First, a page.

Fiction--Haddon --autism --banned books --bildungsroman --Holmesian references --prime numbers, maps and mathematical equations
The Curious Incident of the Dog in the Night-time by Mark Haddon | banned book ★★★★☆
audio narrated by John Woodman ★★★★☆
“Despite his overwhelming fear of interacting with people, Christopher, a mathematically-gifted, autistic fifteen-year-old boy, decides to investigate the murder of a neighbor’s dog and uncovers secret information about his mother.” -publisher
Incident didn’t follow an expected trajectory, nor was it much of a mystery, but it resolved in a perfectly satisfying, logical way. Having worked with individuals dealing with autism spectrum disorder, I believe Haddon captures the intricate thought processes and common struggles exceedingly well, bravo to him. There were issues; Christopher’s voice rings sincere, although his tangents budge the needle toward tedium on occasion. But for a few exchanges, the text amounts to a monologue, swinging from highly imaginative theories to dull extended explanations of complex systems. Christopher required simplification and organized timetables to survive, however, his stalwart point of view oversimplified, leaving me feeling cold and remote at times.
The most enlightening part was the spectrum of reactions by those he encountered in both his neighborhood detecting and moments of extreme distress. Father’s frustration and helplessness felt real and deep, creating a background thrum of tension to Christoper’s crumbling world of protection.
A controversial novel due to swearing and atheistic viewpoint. Parallels have been made to The Catcher in the Rye and, although I vaguely see that in structure, both young protagonists are lost and wandering; they are searching for much different answers. At turns, profound and arresting, Incident is meant to unsettle before it brings Christopher and the reader home. I must mention the prime-numbered chapters, (a hoot to figure out while listening to the audiobook) that level of inventive geekery deserves a star on it’s own.
Non-fiction--Fragrance--Aftel --alchemy, aromas, odors and the art of seduction --perfume history --scents for the soul
Essence and alchemy: a book of perfume by Mandy Aftel | a book about fragrance ★★★★☆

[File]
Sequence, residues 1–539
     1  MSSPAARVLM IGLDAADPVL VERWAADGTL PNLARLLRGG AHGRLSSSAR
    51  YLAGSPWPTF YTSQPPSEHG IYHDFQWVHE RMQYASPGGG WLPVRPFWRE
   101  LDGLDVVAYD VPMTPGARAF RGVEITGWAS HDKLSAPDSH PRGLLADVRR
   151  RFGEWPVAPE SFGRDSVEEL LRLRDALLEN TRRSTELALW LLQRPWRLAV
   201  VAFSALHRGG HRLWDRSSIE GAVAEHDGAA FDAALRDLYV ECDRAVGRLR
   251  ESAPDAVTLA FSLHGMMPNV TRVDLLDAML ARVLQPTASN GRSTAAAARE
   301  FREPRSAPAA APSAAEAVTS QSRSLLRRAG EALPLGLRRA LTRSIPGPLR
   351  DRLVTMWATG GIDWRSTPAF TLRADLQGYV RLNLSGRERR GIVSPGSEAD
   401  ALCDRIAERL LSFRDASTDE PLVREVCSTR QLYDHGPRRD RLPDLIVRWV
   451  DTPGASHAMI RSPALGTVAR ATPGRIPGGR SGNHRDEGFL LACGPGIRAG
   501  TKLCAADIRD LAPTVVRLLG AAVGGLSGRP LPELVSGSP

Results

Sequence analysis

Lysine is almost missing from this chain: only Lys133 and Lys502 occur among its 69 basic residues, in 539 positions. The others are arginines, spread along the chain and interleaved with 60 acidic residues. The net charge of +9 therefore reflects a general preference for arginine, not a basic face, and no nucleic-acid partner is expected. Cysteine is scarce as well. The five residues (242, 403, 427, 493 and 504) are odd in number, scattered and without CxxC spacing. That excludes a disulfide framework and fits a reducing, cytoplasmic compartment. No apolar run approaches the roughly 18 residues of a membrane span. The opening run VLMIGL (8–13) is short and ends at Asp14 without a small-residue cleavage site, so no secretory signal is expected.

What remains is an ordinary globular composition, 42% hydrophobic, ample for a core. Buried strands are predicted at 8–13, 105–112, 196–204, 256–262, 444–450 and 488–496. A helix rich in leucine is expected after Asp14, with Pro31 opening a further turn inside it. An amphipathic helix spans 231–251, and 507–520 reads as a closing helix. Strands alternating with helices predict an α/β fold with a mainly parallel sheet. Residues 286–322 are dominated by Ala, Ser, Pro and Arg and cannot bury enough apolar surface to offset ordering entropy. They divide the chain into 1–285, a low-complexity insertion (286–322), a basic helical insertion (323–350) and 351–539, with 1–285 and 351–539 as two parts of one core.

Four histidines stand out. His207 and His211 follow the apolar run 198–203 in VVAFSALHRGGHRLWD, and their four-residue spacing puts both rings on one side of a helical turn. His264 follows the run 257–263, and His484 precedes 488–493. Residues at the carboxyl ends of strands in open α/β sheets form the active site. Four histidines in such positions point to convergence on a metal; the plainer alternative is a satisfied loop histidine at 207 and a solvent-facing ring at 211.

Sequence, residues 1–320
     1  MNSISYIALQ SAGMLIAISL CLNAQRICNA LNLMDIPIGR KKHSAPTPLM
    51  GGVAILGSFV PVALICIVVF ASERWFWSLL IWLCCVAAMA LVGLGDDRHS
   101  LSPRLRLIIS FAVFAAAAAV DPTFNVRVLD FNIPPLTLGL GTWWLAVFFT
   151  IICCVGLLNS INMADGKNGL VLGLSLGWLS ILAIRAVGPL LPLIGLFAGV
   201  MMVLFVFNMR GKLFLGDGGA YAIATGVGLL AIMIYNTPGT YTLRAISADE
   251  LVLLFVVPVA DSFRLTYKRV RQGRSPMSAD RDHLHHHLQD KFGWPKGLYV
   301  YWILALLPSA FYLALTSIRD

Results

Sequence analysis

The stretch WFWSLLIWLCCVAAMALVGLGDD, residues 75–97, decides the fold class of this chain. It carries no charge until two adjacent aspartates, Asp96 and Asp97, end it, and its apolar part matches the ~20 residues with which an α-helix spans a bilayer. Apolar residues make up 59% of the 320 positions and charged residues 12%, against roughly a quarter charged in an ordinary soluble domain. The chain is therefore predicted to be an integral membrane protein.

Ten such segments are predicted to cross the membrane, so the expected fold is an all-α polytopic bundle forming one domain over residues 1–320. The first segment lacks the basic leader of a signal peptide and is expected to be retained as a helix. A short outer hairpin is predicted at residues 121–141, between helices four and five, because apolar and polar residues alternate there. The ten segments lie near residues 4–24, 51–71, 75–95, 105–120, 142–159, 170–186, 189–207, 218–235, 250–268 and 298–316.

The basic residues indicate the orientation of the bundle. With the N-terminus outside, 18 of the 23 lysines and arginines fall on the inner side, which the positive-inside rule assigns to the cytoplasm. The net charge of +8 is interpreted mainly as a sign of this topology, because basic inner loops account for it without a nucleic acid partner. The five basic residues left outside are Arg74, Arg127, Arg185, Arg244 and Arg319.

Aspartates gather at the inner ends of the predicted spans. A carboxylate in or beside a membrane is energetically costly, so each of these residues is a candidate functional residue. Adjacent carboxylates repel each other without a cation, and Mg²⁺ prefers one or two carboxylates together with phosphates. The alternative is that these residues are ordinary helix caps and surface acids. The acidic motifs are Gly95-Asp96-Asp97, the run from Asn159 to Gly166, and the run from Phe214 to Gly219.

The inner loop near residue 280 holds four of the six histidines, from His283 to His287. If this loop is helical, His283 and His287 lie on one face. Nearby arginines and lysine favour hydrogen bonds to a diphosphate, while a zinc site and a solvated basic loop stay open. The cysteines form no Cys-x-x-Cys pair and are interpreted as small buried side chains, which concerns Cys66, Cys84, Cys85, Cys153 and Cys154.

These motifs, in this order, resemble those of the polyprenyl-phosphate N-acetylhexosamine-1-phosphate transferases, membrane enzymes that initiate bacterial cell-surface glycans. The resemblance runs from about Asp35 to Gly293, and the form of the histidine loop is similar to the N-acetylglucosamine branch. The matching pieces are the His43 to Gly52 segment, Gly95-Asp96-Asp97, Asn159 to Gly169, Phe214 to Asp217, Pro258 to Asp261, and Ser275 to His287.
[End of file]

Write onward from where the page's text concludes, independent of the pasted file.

Renowned perfumer, Mandy Aftel, lifts the curtain on the world of fragrance in this perfume guidebook, allowing the reader to take an enticing peek inside. Being on the fringes of that world, (although I write about scents a fair bit) I truly had no idea how deep it goes. From the most fascinating origins and usefulness of scent (think gas leaks), to practical applications of building a composition from raw ingredients, to the risqué role of perfume in replicating sexual smells of genitalia; my eyes have been opened.
Beyond the valuable informative text, recipes and scent reference, it is Aftel’s philosophy in the Spirit of the Alchemist I find most illuminating. The intertwining of scent with memory, both powerful and comforting, it’s ability for “instantly erasing the passage of time” struck me with honest force. Her effortless approach in relaying information and synthesizing it, while capturing the heart of the perfumer, makes Essence a worthy read. Then there are the quotes; a few which knocked me out of my chair, Anais Nin’s profound wisdom comes to mind. The only critique being the frequency and copious length of the quotations interrupt the flow on occasion. But for demystifying the mystical, I don’t believe I could have read a better book.
I am so hype about my current reads, The Lord of the Rings and The Night Circus, that I hope to get on a roll soon. Either way, I’m cutting myself some slack. The act of reading for pleasure, savoring the words and returning to gather my thoughts for review makes me a slower reader and that’s okay. What are you reading?